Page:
Privy Council consider the doctrine of apparent bias in the context of the disciplinary procedures of the Royal College of Veterinary Surgeons.
Mr Holmes was a veterinary surgeon. In a hearing before the Disciplinary Committee of the Royal College of Veterinary Surgeons (‘the College’) the Committee had found 31 separate charges of professional misconduct proved against him, and had held that 28 of the upheld charges amounted to “disgraceful” conduct as per the Veterinary Surgeons Act 1966. Mr Holmes’ name was directed to be removed from the register of Veterinary Surgeons.
Mr Holmes appealed the decision of the Disciplinary Panel to the Privy Council (‘the Council’) on the basis that several features of the College’s disciplinary procedures gave rise to an appearance of bias. Specifically, he argued that the appearance of bias was given by the fact that the charges against him had been brought in the name of the College and that their outcome had then been determined by members of the College; and that the College’s system allowed for previous members of its Investigation Committee (which made the decision of whether to forward allegations to full consideration by the Disciplinary Committee) to sit as members on its Disciplinary Committee.
In considering Mr Holmes’ appeal the Council noted that the College was ‘hamstrung’ by the Veterinary Surgeons Act 1966 (‘the Act’), which obliged its Investigating Committee and Disciplinary Committee to be composed of Council Members. It further noted that, in order to avoid any accusations of appearance of apparent bias, the College had previously lobbied to have the wording of the Act amended to permit it to appoint non College members to its Committees but was obliged to continue to comply with the Act’s current requirements until Parliament acted to amend it.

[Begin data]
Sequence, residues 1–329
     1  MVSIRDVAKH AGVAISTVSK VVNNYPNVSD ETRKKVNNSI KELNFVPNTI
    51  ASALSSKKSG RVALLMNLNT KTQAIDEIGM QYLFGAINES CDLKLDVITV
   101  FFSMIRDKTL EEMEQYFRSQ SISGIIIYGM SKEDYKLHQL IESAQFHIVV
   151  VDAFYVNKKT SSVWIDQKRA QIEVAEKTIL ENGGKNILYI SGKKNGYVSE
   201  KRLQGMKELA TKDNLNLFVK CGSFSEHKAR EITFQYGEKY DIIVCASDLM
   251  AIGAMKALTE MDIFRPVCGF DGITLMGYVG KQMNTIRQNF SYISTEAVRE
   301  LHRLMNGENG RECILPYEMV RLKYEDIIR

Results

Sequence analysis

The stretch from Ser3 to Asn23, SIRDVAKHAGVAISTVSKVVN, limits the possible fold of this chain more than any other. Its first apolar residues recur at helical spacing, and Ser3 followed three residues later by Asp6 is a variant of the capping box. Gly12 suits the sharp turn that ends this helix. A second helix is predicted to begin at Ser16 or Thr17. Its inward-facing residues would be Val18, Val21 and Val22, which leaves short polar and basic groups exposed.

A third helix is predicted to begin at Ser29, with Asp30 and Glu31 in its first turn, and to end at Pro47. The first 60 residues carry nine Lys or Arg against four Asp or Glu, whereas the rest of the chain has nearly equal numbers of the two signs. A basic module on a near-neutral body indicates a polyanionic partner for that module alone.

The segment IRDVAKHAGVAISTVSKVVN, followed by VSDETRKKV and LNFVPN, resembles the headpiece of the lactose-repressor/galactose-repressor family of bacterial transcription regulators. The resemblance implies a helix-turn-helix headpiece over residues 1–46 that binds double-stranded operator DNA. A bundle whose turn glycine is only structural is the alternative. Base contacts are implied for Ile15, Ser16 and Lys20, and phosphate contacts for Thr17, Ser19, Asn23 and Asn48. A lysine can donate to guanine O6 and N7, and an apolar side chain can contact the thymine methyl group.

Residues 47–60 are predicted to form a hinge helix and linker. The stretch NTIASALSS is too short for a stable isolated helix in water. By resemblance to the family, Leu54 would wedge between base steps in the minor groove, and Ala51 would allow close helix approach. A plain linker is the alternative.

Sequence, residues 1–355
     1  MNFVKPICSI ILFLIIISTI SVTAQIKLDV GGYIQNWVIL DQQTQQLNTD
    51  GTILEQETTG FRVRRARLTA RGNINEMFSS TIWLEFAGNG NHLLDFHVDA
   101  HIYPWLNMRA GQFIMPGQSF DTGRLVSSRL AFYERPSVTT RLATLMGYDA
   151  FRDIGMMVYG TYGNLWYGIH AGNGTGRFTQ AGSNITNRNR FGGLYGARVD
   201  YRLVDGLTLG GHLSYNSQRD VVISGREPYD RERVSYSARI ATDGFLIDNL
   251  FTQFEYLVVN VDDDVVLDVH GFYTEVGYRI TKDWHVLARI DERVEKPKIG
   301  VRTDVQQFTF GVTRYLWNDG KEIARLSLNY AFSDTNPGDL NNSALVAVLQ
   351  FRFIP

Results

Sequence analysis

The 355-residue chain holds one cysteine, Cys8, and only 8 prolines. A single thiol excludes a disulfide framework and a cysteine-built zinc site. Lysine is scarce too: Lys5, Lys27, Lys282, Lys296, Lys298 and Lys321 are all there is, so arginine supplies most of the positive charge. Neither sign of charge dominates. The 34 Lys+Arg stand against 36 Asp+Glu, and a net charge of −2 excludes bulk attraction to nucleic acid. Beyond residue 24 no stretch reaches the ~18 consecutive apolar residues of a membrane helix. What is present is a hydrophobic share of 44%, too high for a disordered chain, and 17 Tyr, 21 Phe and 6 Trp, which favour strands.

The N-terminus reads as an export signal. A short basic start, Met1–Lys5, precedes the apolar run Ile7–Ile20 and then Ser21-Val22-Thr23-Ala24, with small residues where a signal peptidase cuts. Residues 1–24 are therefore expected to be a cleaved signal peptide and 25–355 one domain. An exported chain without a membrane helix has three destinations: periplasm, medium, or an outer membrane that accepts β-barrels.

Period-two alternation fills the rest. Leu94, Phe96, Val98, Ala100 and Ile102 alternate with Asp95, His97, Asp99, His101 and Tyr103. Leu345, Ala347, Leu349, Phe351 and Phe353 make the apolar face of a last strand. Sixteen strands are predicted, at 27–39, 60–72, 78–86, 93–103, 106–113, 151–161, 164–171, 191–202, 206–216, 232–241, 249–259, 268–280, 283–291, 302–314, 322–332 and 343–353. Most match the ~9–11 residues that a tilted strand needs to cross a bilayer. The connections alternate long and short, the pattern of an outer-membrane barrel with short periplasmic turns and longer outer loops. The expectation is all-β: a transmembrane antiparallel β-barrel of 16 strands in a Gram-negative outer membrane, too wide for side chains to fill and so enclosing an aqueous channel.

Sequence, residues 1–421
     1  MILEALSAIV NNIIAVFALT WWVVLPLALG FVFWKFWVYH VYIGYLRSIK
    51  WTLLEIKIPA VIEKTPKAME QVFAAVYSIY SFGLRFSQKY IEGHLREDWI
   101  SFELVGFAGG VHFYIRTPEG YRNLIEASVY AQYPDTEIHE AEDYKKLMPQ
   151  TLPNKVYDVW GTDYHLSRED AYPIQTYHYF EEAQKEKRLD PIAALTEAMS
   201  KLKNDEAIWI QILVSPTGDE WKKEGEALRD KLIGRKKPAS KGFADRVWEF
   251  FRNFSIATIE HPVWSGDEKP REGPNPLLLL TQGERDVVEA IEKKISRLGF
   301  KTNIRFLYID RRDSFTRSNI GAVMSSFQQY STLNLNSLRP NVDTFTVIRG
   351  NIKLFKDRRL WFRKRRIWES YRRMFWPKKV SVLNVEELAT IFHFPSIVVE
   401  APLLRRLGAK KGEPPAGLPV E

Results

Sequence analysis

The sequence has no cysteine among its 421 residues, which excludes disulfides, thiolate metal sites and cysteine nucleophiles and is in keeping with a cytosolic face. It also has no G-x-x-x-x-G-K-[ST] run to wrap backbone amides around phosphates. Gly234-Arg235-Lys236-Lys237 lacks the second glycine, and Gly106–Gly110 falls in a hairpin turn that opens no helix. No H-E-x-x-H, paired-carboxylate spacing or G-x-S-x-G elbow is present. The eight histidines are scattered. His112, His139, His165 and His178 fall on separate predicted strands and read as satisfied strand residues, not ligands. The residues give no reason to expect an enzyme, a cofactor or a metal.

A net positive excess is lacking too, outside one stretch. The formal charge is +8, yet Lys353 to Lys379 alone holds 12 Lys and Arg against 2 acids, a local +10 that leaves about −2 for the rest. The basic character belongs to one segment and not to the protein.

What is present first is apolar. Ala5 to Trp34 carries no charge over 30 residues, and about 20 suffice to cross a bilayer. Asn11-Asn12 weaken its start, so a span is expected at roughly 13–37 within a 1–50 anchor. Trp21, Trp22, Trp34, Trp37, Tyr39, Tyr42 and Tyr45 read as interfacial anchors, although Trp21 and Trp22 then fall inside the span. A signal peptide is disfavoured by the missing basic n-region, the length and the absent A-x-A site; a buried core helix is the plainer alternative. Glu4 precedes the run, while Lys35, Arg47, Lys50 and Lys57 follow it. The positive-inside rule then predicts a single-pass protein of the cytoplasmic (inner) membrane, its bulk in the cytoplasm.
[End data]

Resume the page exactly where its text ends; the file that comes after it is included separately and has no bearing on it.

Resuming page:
After considering the facts the Council concluded that a fair minded observer would not conclude that ‘members of the council of the College in whose name the complaints are brought, might, in the light of their membership of the [Royal Veterinary College’s] Council, be thereby motivated to uphold the complaints.’ The fact that the College had taken action to update its procedures in order to prevent future accusations of an appearance of bias did not automatically mean that its current procedures did give the appearance of bias.
The Council further concluded that there could be no appearance of bias by way of the fact that previous Investigating Committee Members could become members of the Disciplinary Committee at a later date. The College had taken care to avoid the appearance of bias by preventing simultaneous appointments to both committees and by preventing Investigating Committee members from joining the Disciplinary Committee within three years of the end of their Investigating Committee appointments, avoiding a situation similar to that which arose in Tehrani.[i] In light of that arrangement the Council stated that ‘a fair-minded observer would not conclude that … a member of the [Disciplinary Committee] might, as a result of that prior service, somehow remain predisposed to uphold a complaint irrespective of its intrinsic strength’.
This case provides further guidance for legal practitioners in assessing the merits of appeals against regulators on the basis of an appearance of bias in their disciplinary procedures, providing particularly useful clarification in circumstances where regulators find themselves bound by acts of Parliament to procedures which might not be considered best possible practice. The case of Kaur v ILEX  EWCA Civ 1168 was not considered by the Council.